The San Francisco Microscopical Society has some extremely high resolution scanned images - one of them is a 1.67GB PNG file with a 25,088 × 17,283 pixel resolution.
I wanted to display these in a browser using a zoomed interface, without needing to load in that whole file.
OpenSeadragon looked like a good fit for this:
The first step in using it is to split the source image up into a set of tiles.
OpenSeadragon offers a range of options for doing this. After investigating a few the one that worked best for me was vips, with its vips dzsave command.
Installing this on macOS with Homebrew:
brew install vips
Once installed you can split a source image into tiles like this:
vips dzsave Miniature_Victorian_Slide_Collection.png \ Miniature_Victorian_Slide_Collection
This command runs really quickly: it took just a few seconds, and Activity Monitor showed it using more than 600% CPU, so it is clearly optimized to make full use of multiple cores.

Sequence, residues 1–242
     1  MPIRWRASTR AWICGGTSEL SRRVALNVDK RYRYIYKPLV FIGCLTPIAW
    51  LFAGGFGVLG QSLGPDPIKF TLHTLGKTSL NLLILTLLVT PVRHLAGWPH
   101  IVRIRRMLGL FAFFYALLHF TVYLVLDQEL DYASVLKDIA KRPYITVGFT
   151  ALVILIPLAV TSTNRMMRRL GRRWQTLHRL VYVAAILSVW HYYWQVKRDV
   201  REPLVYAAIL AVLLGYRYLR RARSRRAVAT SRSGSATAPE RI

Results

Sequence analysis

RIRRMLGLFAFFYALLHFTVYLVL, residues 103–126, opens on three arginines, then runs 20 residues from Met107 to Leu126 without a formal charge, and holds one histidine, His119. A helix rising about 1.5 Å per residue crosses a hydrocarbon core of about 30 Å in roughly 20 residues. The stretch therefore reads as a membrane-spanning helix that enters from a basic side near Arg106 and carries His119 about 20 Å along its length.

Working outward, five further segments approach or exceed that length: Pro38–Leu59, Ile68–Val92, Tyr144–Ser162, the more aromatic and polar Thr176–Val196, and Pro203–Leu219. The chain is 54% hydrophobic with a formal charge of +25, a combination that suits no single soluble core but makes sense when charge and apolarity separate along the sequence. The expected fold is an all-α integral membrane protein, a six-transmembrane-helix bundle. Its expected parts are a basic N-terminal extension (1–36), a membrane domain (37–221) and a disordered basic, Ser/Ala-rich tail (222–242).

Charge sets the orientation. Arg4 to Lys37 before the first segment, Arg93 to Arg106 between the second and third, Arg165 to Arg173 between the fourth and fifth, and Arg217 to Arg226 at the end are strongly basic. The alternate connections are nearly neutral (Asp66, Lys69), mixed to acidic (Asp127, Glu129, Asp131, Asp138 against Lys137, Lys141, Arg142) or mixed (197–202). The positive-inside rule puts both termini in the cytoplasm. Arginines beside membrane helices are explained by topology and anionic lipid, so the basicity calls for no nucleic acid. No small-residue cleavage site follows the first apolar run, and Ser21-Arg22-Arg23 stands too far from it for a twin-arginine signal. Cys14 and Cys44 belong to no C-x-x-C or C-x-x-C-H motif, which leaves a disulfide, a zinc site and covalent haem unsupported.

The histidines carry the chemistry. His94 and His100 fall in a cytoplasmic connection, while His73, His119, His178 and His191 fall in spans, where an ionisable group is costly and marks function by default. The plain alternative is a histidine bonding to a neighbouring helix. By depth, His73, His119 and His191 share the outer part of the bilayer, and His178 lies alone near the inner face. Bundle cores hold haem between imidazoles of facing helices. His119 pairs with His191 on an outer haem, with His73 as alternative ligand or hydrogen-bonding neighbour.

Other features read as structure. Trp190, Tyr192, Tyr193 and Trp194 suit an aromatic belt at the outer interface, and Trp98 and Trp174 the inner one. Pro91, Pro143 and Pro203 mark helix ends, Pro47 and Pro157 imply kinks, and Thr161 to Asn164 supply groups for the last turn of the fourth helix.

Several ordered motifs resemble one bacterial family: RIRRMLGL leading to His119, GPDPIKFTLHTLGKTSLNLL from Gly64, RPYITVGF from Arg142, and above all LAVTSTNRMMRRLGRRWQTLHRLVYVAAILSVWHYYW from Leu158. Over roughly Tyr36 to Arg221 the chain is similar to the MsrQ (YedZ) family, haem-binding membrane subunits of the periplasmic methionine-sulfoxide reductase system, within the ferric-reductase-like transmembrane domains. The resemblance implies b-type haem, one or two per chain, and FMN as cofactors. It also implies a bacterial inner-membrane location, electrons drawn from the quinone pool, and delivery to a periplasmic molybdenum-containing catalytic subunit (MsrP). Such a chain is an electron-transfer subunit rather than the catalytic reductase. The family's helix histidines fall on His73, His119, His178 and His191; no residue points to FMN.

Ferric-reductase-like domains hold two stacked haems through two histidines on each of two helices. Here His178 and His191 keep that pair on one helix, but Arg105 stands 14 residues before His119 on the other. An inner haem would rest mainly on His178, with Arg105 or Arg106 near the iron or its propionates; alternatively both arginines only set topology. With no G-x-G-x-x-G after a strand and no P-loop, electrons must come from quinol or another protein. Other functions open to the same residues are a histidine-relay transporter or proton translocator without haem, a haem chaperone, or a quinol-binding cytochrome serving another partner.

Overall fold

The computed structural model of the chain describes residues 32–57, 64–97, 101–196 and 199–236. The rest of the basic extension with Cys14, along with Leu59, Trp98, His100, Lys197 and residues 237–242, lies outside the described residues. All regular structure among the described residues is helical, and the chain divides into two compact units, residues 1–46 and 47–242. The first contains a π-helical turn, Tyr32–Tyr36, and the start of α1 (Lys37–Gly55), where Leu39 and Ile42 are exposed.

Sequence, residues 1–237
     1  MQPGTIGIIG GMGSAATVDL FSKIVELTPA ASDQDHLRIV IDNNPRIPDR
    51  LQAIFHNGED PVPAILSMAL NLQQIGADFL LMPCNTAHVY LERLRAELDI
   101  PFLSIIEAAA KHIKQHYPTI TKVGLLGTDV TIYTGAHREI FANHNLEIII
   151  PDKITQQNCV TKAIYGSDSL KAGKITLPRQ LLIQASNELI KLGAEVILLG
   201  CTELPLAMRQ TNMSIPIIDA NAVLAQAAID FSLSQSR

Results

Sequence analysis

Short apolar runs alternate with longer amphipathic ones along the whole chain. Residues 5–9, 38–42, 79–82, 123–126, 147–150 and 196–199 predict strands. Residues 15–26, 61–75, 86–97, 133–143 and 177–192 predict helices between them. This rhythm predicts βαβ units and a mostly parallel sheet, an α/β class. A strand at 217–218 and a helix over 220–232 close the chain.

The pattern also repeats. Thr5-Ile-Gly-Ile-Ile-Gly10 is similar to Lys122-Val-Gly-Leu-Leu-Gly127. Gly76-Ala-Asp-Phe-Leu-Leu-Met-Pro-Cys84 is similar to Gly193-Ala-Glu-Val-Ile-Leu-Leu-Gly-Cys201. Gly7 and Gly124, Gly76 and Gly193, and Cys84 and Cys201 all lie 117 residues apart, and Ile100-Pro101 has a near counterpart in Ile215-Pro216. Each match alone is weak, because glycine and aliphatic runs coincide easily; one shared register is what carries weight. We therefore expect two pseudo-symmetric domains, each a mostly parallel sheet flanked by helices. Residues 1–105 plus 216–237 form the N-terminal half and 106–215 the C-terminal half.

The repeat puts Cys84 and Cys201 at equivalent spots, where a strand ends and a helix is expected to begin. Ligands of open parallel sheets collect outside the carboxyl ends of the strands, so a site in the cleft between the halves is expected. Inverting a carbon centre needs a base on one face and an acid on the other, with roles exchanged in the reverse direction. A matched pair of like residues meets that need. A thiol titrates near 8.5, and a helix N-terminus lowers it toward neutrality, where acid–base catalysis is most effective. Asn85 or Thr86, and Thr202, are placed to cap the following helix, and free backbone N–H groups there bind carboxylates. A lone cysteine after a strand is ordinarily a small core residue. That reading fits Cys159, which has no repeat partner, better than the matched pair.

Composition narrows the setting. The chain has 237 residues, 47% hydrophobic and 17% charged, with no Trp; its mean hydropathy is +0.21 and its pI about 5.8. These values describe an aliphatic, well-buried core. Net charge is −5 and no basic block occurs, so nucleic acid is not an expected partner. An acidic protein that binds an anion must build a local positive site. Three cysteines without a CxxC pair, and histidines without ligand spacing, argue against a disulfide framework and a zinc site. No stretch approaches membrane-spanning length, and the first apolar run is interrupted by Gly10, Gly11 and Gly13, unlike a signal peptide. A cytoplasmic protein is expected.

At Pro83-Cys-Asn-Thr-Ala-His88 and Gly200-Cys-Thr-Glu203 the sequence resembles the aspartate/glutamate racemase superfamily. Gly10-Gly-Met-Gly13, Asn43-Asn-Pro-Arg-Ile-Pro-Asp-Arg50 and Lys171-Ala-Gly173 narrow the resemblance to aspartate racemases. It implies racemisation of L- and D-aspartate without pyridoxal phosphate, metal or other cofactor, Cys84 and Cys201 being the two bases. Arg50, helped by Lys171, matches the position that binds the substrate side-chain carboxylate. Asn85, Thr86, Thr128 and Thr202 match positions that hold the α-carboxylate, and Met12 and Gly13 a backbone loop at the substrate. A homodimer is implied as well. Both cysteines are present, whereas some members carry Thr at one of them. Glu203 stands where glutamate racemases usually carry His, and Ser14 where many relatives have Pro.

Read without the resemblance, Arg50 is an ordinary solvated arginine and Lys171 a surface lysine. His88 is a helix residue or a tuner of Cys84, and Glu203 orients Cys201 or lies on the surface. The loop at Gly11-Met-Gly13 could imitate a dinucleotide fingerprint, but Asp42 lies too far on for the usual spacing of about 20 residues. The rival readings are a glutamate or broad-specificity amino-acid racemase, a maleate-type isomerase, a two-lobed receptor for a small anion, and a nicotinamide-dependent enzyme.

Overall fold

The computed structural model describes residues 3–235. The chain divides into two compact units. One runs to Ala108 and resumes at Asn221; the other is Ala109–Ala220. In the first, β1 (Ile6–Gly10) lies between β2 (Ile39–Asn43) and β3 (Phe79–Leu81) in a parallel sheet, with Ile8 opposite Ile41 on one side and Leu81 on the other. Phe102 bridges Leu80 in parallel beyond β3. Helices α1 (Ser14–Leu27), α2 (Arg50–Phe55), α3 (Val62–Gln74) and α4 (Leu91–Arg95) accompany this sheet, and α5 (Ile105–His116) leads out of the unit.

This command creates an XML file called
Miniature_Victorian_Slide_Collection.dzi defining the zoomed tile set, and a folder called
Miniature_Victorian_Slide_Collection_files containing thousands of smaller tiles, arranged in a hierarchy.
% find . | grep Miniat | wc -l 5233
That's a LOT of files. They were each around 256 × 256 in resolution - I decided to see if I could make them bigger and reduce their number.
I used the
--tile-size option to do this:
vips dzsave Miniature_Victorian_Slide_Collection.png \ Miniature_Victorian_Slide_Collection-tile-size-512 \ --tile-size 512
This created a more manageable 1,343 files, totalling 25.2MB.
Here's the minimal HTML I figured out to create a zoomable viewer that takes up the full browser viewport:
Saving this as
index.html in the same folder as the
.dzi file and then serving it like this let me start zooming and interacting with the tiled image:
python3 -m http.server
Created 2022-08-12T17:34:34-07:00, updated 2022-08-12T20:39:06-07:00 · History · Edit